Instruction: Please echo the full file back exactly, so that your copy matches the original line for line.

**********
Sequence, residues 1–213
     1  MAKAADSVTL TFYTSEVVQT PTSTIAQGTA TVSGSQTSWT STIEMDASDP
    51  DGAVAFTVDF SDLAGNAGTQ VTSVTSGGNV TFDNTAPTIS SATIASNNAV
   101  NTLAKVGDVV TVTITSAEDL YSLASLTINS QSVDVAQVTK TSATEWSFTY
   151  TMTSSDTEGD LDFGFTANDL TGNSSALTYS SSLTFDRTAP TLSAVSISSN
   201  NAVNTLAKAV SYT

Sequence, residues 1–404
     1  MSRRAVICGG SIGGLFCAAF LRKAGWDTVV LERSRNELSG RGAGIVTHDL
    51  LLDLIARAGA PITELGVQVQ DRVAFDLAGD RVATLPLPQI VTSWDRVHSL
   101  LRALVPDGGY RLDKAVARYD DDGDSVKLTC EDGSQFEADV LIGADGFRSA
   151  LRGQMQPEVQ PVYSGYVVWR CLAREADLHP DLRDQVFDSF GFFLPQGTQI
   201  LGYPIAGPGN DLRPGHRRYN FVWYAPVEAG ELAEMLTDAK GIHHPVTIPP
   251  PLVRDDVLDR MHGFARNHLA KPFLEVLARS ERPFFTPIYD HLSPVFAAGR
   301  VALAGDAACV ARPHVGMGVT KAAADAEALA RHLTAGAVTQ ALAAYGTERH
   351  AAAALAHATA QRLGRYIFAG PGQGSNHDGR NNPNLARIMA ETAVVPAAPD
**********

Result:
Sequence, residues 1–213
     1  MAKAADSVTL TFYTSEVVQT PTSTIAQGTA TVSGSQTSWT STIEMDASDP
    51  DGAVAFTVDF SDLAGNAGTQ VTSVTSGGNV TFDNTAPTIS SATIASNNAV
   101  NTLAKVGDVV TVTITSAEDL YSLASLTINS QSVDVAQVTK TSATEWSFTY
   151  TMTSSDTEGD LDFGFTANDL TGNSSALTYS SSLTFDRTAP TLSAVSISSN
   201  NAVNTLAKAV SYT

Sequence, residues 1–404
     1  MSRRAVICGG SIGGLFCAAF LRKAGWDTVV LERSRNELSG RGAGIVTHDL
    51  LLDLIARAGA PITELGVQVQ DRVAFDLAGD RVATLPLPQI VTSWDRVHSL
   101  LRALVPDGGY RLDKAVARYD DDGDSVKLTC EDGSQFEADV LIGADGFRSA
   151  LRGQMQPEVQ PVYSGYVVWR CLAREADLHP DLRDQVFDSF GFFLPQGTQI
   201  LGYPIAGPGN DLRPGHRRYN FVWYAPVEAG ELAEMLTDAK GIHHPVTIPP
   251  PLVRDDVLDR MHGFARNHLA KPFLEVLARS ERPFFTPIYD HLSPVFAAGR
   301  VALAGDAACV ARPHVGMGVT KAAADAEALA RHLTAGAVTQ ALAAYGTERH
   351  AAAALAHATA QRLGRYIFAG PGQGSNHDGR NNPNLARIMA ETAVVPAAPD